Matt is absolutely correct about the sloppy thinking of congressional Democrats about how to deal with the expanding of the Bush tax cuts, which is sort of the centrist equivalent of Doug Henwood’s belief that unions should just let the Republicans take over and dismantle collective bargaining rights and waste resources trying to make single-payer more popular instead:
The mainstream position of the Democratic Party is that over the medium term taxes should be higher than they are now but lower than full expiration of the Bush tax cuts would make them. Achieving this policy objective requires the following steps:
1. Barack Obama is re-elected.
2. Barack Obama vetoes full extension of Bush tax cuts.
3. Bush tax cuts expire.
4. Since now Republicans and Democrats both agree that taxes are too high, the White House proposes the “Obama tax cut” package.
This is not a foolproof plan since obviously Obama might lose the election. But if Obama loses, then Republicans will just do whatever they want on taxes one way or another.
The strange thing about my plan is that even though almost every single Democratic member of Congress agrees that taxes should be higher than they are now but lower than full expiration would make them, this plan is not the consensus Democratic approach. Instead on Friday morning I found myself sitting through a baffling discussion of tax strategy with Sen. Sheldon Whitehouse and some folks from the new labor-backed group Americans for Tax Fairness, in which this sequencing strategy seemed off the table. Instead the focus was entirely around the idea that liberal messaging would be so effective as to mobilize the public into coercing Republicans to take a pre-expiration vote to partially repeal the Bush tax cuts. Messaging is, obviously, an important part of politics and any strategy needs an element of that. But in this particular case, the merits or demerits of any particular message pale in comparison to the difference in the tactical situation before the Bush tax cuts expire (when one party says taxes are too low and the other says they’re too high) and after expiration (when both parties will agree that taxes are too high).
This kind of thing is precisely why I spend so much time talking about the fact that assertions about the power of the BULLY PULPIT are, to whatever extent they aren’t meaninglessly tautological, false. Excessive focus on the power of rhetoric isn’t just pointless but counterproductive, not only because it overestimates the ease of major changes but leads to an inability to focus on concrete questions of power. I think Whitehouse et al. are probably overestimating the power of messaging to make Democratic tax priorities more popular, but even if they’re right it doesn’t matter. Increased taxes on the wealthy are already popular. It doesn’t matter, because Republican legislators 1)are ideologically opposed to them 2)have far more to fear from primary challenges backed by powerful monied interests than from voters who will change their votes based on votes on fiscal policy (which is in fact a very small number.) What Obama and Democratic legislators need to be focusing on is that the expiration of the Bush tax cuts mean in concrete terms. Maybe Obama made the right choice by getting stimulus in exchange for a temporary extension of the tax cuts. But if he wins re-election, the play is obvious — let the Bush tax cuts expire and get a new deal that produces more revenue than extending them would. You can use the expiring tax cuts as bargaining leverage — although I don’t think you can get anything worth getting this time — but the idea that you’re somehow going to get Republicans to explicitly vote to raise taxes because of the power of messaging is crazy.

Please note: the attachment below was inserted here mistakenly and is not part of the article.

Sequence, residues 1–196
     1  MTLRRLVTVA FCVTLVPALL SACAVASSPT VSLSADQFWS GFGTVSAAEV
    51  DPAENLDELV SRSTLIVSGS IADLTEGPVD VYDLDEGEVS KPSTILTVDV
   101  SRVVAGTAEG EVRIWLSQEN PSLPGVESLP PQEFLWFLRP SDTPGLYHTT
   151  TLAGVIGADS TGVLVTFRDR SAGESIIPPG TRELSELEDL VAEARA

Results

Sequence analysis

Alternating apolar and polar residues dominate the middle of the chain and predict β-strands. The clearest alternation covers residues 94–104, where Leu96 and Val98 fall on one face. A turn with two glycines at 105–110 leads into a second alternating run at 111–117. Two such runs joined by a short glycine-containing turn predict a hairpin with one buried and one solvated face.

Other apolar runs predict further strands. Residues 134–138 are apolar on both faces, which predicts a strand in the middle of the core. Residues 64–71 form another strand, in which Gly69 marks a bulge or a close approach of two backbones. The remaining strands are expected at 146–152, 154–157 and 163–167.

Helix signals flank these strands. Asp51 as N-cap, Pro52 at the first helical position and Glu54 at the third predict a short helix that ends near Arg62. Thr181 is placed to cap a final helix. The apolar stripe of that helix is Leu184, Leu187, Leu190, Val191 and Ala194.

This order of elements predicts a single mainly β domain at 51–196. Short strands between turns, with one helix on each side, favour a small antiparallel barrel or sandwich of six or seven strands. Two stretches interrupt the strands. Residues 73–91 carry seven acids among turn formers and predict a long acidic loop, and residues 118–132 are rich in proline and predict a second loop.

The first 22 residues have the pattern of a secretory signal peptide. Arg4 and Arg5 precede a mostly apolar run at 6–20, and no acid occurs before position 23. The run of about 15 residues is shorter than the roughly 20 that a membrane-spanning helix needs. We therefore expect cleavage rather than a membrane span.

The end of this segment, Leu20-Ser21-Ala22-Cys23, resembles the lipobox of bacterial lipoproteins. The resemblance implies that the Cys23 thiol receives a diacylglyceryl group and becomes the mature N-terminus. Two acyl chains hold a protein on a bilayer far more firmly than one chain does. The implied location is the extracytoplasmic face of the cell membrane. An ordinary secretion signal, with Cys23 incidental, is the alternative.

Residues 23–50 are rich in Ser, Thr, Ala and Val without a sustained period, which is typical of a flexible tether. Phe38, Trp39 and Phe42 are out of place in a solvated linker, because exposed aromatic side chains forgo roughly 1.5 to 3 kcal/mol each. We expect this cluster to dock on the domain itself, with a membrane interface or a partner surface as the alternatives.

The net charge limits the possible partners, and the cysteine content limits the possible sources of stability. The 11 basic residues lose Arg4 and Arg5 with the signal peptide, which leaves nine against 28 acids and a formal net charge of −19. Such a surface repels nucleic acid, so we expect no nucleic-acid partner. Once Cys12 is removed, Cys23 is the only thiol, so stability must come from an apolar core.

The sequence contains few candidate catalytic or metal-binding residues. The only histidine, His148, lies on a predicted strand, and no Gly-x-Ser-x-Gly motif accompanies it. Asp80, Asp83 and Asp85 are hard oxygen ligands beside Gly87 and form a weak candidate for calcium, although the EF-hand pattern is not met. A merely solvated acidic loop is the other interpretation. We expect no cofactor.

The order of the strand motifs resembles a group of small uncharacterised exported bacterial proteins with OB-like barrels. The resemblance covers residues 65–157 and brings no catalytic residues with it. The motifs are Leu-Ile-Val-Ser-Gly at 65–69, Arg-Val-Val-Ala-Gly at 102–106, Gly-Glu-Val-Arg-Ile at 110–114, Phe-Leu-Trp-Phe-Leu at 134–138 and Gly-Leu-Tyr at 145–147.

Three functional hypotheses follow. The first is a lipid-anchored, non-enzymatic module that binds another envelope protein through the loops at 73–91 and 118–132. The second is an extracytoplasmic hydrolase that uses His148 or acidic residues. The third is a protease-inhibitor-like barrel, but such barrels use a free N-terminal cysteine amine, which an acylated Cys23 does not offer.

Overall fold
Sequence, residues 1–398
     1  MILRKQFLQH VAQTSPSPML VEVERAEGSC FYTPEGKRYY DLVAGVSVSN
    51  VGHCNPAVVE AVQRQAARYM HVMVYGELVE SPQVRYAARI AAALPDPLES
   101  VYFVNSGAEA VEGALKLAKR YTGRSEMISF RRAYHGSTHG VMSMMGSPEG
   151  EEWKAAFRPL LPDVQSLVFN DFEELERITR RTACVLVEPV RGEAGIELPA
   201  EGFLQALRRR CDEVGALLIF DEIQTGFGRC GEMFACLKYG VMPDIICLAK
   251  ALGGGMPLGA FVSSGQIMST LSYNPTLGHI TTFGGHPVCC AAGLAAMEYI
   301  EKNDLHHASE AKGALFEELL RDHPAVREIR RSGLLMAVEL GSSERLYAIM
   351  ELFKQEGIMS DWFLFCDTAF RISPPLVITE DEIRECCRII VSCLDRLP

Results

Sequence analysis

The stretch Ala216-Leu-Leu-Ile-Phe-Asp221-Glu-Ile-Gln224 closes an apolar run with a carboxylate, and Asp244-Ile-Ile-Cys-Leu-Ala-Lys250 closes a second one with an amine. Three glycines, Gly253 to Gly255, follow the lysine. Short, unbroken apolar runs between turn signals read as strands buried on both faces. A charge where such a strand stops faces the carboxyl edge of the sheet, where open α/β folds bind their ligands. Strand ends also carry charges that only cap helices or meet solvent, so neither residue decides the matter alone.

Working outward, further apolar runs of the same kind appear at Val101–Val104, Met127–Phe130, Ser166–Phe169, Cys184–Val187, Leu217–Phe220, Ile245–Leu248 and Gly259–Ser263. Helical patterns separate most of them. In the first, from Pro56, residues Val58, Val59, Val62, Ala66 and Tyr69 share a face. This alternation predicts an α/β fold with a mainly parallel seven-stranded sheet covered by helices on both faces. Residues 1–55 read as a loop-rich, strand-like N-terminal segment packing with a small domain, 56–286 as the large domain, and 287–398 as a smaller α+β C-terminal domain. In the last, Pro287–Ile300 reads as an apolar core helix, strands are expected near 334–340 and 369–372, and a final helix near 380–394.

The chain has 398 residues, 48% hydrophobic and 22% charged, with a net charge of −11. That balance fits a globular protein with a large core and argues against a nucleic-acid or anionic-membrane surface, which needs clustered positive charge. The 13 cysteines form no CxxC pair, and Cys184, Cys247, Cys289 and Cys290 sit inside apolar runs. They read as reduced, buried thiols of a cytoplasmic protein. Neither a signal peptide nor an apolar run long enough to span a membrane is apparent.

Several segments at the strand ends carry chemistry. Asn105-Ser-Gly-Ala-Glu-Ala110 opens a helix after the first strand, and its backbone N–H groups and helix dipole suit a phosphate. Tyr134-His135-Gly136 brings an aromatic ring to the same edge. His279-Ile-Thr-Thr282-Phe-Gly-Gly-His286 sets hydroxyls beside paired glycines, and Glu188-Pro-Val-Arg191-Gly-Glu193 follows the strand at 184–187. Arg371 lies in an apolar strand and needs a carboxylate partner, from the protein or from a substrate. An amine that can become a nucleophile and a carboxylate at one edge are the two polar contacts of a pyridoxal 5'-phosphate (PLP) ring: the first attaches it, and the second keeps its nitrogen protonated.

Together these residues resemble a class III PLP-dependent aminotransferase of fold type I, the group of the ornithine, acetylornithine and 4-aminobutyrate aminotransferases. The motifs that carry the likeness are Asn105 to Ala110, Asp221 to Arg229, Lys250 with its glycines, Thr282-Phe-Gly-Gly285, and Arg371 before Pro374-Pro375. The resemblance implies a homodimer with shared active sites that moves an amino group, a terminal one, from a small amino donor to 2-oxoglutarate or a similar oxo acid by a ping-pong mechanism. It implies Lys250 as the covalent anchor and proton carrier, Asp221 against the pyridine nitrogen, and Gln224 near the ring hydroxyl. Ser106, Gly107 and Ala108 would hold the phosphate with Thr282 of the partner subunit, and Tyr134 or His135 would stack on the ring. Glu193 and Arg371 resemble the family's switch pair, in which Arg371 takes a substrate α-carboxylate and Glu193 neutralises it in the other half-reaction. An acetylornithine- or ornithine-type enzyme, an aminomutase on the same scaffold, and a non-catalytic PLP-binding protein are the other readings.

Speaking of the Bush tax cuts, I never stop being amazed that people use the passage of the Bush tax cuts and the Iraq War as illustrations of the awesome power of the BULLY PULPIT, when getting Republicans and a few conservative Democrats to support upper-class tax cuts, or getting Congress and the public to initially defer to presidential war powers, are both about as challenging as a mediocre high school team would be to the Yankees. Both of these policies certainly reflect presidential power — agenda-setting and war-making powers, respectively — but in terms of the question of whether presidents can compel Congress to do things that majorities don’t want to do by going they’re entirely beside the point. Bush didn’t make upper-class tax cuts popular, and his pre-war propaganda campaign didn’t make the Iraq War any more popular. What made Bush relatively effective in his first term as that he and his team seemed to understand that it doesn’t matter — you have the votes or you don’t, and public opinion has only a very attenuated effect on votes by members of Congress. If the Democrats actually want to increase revenues, they need to act like this Bush, not the one who thought he could ram Social Security privatization right down Congress’s throat by going public.